Greater Moncton readers will have the opportunity to meet one of Canada’s most acclaimed authors, Rawi Hage at the Frye Festival’s Community Read on Thursday, October 15th at 7pm at Moncton City Hall. The author will discuss his novel De Niro’s Game for which he won the world’s most lucrative literary prize, the IMPAC Dublin Literary Award, a value of $160,000.
Hage, born in Beirut, lived through the civil war in Lebanon before immigrating to the United States and finally heading north to Montreal in 1992. Everyone is encouraged to read De Niro’s Game and come together for the giant book club. Copies are available in French and English at public libraries and bookstores. A sample chapter of De Niro’s Game as well as a reading guide will be available on the Festival website www.frye.ca. Readers can visit the Frye Festival’s facebook page for the chance to win tickets to the event and copies of De Niro’s Game and Cockroach, Hage’s latest book.
“To have such an enormous success with the publication of a first novel shows the extent of Hage’s talent for writing and his capacity to reach out to people with a subject matter as harsh and cruel as the daily living in the midst of a civil war,” says Festival Chair, Dawn Arnold. “I’m sure readers will appreciate Hage’s beauty, however cruel, in his writing and words which portray images that stay with us long after the page is turned.” During the Community Read, Rawi Hage will be interviewed on stage by Monique LeBlanc, filmmaker, humorist, and avid reader. The author will also read from his book and answer questions from the public. The event will take place in English and in French.
Admission is $10 and tickets will be available at the door (space is limited). Moncton City Hall is located at 655 Main Street. Rawi Hage will meet with students from various regional high schools on Friday, October 16th.
This fourth edition of the Community Read in Moncton is made possible thanks to the Promotion of Linguistic Duality component of the Enhancement of Official Languages Program offered by Heritage Canada. The program aims to help organizations from various sectors to undertake or continue activities that promote a better understanding or appreciation of linguistic duality and to build stronger linguistic and cultural links among members of the two official-language communities.
The 11th edition of the Frye Festival, Canada’s only bilingual, international literary festival, will take place from April 19-25, 2010 in Moncton. More details at www.frye.ca.
De Niro’s Game
De Niro’s Game (House of Anansi, 2006) tells the story of Bassam and George, two childhood friends caught in Lebanon’s civil war. The teenagers must face their futures: stay in Beirut and consolidate power through crime; or go into exile abroad and be alienated from the only existence they have ever known.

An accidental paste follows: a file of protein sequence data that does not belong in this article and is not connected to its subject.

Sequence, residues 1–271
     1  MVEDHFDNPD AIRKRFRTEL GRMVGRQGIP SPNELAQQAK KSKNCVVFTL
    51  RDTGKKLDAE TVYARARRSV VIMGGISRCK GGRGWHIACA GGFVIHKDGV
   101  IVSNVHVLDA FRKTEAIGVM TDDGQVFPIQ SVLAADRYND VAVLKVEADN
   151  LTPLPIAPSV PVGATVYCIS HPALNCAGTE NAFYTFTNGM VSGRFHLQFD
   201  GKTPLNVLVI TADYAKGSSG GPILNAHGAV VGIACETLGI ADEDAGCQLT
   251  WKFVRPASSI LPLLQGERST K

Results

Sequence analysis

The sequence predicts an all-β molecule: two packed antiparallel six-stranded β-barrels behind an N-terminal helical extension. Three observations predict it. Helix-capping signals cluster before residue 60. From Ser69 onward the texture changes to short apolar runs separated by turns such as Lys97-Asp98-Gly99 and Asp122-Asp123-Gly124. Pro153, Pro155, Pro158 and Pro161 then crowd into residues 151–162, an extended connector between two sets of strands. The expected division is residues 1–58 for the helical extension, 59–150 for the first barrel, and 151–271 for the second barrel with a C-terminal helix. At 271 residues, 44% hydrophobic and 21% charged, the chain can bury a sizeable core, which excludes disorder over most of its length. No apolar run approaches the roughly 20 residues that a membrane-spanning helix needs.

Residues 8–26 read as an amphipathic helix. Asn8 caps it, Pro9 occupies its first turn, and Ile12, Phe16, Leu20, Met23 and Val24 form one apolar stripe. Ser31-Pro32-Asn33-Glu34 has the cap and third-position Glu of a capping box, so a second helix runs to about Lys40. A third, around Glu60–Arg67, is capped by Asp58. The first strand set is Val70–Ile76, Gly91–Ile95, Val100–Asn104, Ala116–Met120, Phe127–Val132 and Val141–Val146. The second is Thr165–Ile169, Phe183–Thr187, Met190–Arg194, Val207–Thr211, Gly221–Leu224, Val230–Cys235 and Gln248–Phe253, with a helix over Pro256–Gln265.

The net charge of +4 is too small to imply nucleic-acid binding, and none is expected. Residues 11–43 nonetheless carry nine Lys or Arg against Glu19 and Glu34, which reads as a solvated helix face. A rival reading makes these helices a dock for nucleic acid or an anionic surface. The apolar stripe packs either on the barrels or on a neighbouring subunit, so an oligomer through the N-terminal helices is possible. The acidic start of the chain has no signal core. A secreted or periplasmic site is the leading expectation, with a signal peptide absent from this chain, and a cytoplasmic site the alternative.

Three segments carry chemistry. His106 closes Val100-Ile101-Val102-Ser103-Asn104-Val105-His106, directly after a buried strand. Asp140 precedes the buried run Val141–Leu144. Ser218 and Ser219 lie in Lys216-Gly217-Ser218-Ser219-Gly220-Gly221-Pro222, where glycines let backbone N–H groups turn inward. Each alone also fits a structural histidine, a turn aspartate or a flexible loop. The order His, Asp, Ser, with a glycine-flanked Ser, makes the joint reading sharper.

Praise has been plentiful for De Niro’s Game. “East meets West in this stunning first novel yielding a totally fresh perspective on war-torn Beirut. . . Both terse and lyrical, Hage’s narrative is a wonder, alternately referencing modern American action heroes and ancient Arabic imagery. The blend of the two is as startling as it is beautiful.” (Booklist);
“[A] masterpiece . . . writing cannot really get much better than Hage’s.” (Literary Review of Canada);
“The novel is full of poetic descriptions of the surreal and horrific nature of war delivered through Bassam’s stream of consciousness narrative. There are lines that you are compelled to read again and again due to their raw beauty and their insight into how war irreparably shapes human psyches.” (Fast Forward Weekly).
About the author
Rawi Hage is a writer, a visual artist, and a curator. His writings have appeared in Fuse Magazine, Mizna, Jouvert, The Toronto Review, Montreal Serai, and Al-Jadid. His visual works have been shown in galleries and museums around the world including the Canadian Museum of Civilization and the Musée de la civilisation de Québec.
Rawi’s debut novel, De Niro’s Game (2006), was a finalist for numerous prestigious national and international awards including the Scotiabank Giller Prize (Shortlisted, 2006), the Governor General’s Award: Fiction (Shortlisted, 2006), the Paragraphe Hugh MacLennan Prize for Fiction (Winner, 2006), and the McAuslan First Book Prize (Winner, 2006). Rawi is only the second Canadian to win the IMPAC Dublin Literary Award after Alistair McLeod. Rights to the book have been sold around the world, and the movie rights have been acquired by Toronto filmmaker Atom Egoyan.
Hage’s second book, Cockroach, was published by House of Anansi Press in the fall of 2008. One of the most highly anticipated novels, the book has been described “… as essential reading as its predecessor” (The Globe and Mail.) Cockroach has been shortlisted for the Governor General’s Award for Fiction, the Scotiabank Giller Prize, and has been awarded the Paragraphe Hugh MacLennan Prize for Fiction.